This is a genuinely heart warming recital of chamber music from the latter part of the 17th century by the north German masters Johann Adam Reinken and Dietrich Buxtehude, both among the influences on the young J.S. Bach. The two were great friends and shared compositional tastes. Melody is not the issue here, neither is the extroverted passion of Italian composers of the period. This is more the animated conversation of friends sitting around the fire discussing various topics after a good meal.
Years before J.S. Bach paved the way toward what is now largely considered the height of the German Baroque, Dietrich Buxtehude was hard at work in northern Germany on his own individual union of the Italian and French Baroque styles. His Op. 1 is a sumptuous, dynamic set of seven sonatas scored for violin, gamba, and continuo (played here by cello and harpsichord). Unlike composers both before and after him, Buxtehude was far from formulaic when it came to the organization of his sonatas, each one having its own unique combination and sequence of movements.
Dietrich Buxtehude is probably most familiar to modern classical music audiences as the man who inspired the young Johann Sebastian Bach to make a lengthy pilgrimage to Lubeck, Buxtehude's place of employment and residence for most of his life, just to hear Buxtehude play the organ. But Buxtehude was a major figure among German Baroque composers in his own right.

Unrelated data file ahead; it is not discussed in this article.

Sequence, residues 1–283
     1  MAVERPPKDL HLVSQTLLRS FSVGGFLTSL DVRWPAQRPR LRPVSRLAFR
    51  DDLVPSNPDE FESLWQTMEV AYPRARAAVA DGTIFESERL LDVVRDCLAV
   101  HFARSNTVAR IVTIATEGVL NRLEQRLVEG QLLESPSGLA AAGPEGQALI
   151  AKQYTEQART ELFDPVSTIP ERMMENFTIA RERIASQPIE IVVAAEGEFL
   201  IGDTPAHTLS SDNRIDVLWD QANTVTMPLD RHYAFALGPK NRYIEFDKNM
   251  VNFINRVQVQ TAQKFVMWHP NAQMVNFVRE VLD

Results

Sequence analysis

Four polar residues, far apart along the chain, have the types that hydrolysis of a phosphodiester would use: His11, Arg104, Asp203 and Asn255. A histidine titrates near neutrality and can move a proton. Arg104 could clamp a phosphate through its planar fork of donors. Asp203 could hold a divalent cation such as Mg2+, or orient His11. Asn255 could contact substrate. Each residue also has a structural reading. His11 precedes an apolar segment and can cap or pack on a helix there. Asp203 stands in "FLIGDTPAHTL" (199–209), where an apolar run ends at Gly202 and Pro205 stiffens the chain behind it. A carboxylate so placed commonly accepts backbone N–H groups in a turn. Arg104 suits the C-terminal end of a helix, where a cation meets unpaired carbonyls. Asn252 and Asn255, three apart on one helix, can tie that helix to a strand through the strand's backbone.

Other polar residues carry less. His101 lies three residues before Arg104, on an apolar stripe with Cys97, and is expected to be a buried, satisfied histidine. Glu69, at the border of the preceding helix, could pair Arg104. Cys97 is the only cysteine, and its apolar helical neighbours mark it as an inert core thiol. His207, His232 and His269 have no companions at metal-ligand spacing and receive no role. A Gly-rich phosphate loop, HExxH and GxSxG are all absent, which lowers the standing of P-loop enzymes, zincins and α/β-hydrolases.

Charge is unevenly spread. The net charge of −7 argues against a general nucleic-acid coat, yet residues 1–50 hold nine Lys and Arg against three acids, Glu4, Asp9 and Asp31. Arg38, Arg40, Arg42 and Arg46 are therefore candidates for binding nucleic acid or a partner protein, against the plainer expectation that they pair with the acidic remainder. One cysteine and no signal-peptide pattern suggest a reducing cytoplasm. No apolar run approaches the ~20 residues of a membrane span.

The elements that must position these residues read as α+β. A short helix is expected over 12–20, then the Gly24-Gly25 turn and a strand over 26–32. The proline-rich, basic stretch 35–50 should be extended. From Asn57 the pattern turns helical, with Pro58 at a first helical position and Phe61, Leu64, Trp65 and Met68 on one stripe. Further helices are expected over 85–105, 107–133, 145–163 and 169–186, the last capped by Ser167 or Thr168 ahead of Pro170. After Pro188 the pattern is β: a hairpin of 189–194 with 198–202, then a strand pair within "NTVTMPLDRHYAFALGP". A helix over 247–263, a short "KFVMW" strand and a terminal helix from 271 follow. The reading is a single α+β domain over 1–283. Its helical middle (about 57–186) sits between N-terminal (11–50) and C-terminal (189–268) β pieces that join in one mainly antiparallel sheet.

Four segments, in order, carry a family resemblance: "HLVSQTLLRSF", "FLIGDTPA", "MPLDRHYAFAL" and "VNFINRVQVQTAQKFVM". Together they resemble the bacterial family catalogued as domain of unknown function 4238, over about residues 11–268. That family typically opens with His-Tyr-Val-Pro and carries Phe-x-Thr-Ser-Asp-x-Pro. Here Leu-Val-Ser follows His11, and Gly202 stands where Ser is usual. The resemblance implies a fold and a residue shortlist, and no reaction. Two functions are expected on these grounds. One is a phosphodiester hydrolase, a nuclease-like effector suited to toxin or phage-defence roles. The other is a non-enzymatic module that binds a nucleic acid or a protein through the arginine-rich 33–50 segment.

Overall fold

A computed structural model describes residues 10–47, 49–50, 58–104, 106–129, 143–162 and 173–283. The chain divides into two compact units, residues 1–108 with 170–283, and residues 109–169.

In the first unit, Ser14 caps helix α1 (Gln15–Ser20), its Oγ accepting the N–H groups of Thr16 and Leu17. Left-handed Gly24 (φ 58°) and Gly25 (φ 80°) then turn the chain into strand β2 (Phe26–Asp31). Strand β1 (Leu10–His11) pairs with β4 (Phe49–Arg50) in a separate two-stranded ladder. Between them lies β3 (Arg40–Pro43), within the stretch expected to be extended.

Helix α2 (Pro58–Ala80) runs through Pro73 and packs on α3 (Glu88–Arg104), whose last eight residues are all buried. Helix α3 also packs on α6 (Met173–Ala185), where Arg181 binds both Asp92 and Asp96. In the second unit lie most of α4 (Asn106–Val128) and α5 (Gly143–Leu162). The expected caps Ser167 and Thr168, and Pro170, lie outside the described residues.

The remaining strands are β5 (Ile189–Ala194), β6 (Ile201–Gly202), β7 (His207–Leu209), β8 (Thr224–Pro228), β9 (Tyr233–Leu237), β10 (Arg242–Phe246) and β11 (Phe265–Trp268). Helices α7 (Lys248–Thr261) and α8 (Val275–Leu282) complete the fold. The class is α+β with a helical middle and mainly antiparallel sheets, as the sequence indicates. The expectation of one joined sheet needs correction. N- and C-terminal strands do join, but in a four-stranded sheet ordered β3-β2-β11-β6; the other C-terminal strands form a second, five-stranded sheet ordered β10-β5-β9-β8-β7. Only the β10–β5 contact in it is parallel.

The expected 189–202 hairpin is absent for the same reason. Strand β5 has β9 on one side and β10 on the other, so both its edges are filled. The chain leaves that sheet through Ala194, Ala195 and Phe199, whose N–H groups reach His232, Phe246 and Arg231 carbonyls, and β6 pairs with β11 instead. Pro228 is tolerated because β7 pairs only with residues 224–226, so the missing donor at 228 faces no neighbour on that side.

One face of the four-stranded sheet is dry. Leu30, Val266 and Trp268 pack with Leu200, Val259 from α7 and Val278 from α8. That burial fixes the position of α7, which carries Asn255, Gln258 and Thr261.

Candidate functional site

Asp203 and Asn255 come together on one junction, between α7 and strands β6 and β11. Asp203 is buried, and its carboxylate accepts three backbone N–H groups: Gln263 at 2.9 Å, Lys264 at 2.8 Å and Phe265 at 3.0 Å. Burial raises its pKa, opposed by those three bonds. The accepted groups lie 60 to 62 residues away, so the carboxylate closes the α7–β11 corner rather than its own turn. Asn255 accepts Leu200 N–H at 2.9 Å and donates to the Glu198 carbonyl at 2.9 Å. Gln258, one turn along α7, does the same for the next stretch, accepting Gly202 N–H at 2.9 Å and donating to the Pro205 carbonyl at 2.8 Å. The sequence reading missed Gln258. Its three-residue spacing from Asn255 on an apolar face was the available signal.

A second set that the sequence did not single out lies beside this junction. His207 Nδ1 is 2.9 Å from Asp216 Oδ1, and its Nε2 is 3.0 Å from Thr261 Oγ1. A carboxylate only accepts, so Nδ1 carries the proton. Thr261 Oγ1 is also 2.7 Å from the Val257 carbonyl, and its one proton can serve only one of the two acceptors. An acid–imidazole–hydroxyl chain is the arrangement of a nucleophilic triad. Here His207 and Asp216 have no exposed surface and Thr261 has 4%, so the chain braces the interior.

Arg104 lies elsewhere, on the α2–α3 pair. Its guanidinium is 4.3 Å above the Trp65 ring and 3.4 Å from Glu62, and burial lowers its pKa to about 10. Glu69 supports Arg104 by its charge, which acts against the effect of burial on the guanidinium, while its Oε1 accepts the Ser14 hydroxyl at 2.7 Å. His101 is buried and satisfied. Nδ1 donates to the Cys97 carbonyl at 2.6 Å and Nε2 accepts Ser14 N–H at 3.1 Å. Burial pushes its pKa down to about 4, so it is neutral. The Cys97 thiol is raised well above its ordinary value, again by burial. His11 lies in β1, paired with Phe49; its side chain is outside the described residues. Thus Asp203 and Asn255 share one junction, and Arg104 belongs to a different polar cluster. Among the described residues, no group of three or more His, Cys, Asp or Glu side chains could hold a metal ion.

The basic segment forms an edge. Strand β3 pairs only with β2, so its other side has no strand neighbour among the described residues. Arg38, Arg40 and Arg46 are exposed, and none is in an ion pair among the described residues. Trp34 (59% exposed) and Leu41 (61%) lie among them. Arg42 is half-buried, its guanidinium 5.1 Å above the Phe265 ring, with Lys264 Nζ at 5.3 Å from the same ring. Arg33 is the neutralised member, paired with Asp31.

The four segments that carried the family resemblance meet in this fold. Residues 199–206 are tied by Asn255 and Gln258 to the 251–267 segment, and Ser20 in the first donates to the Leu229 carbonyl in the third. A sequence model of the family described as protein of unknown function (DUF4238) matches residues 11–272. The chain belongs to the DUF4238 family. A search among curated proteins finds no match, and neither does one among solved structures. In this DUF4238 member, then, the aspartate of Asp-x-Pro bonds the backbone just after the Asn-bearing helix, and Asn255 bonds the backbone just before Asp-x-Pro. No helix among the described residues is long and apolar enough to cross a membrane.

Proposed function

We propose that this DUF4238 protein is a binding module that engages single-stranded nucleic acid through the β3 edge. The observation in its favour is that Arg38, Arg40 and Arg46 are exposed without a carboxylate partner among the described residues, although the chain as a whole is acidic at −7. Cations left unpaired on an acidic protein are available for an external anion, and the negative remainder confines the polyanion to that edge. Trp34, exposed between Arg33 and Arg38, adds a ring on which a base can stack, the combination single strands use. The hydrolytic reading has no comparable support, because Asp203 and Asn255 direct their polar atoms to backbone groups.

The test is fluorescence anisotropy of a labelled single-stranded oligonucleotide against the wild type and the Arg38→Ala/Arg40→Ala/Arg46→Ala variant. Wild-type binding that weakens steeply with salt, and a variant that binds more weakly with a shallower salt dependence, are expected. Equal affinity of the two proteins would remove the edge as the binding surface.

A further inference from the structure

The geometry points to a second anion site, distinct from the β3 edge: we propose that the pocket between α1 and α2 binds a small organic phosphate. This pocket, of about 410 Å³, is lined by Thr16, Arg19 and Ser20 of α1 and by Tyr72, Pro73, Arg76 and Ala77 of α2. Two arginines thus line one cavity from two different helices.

Although written for the configuration of two violins and continuo, Dietrich Buxtehude's Seven Sonatas, Op. 1, are not trio sonatas in the usual sense. They refer back to the older type of Italian ensemble sonata, with contrasting short sections following in rapid succession rather than the three- or four-movement sonata or dance suite types. Buxtehude came at the end of this tradition, which by 1694, when these sonatas were first published, was beginning to give way to newer Italian types in points further south.
Adriano Falcionis recordings on Brilliant Classics of a diverse repertoire, from Couperin to Bruhns to Franck, reveal an uncommonly versatile artist, and one who relishes the colouristic possibilities of each particular instrument at hand: he has recorded the complete sonatas of Alexandre Guilmant on a richly caparisoned, eminently suitable four-manual organ from 1897 by Carlo Vegezzi-Bossi, who was one of the foremost Italian builders around the turn of the last century.
Living legend of the piano Murray Perahia records two benchmark sonatas by Beethoven for the first time in his career. Long renowned for his performances of this composer, Perahia’s brand new recording pairs together two of the most radically ground-breaking of Beethoven’s 32 piano sonatas, in a release that is sure to be a crown jewel of the Beethoven discography.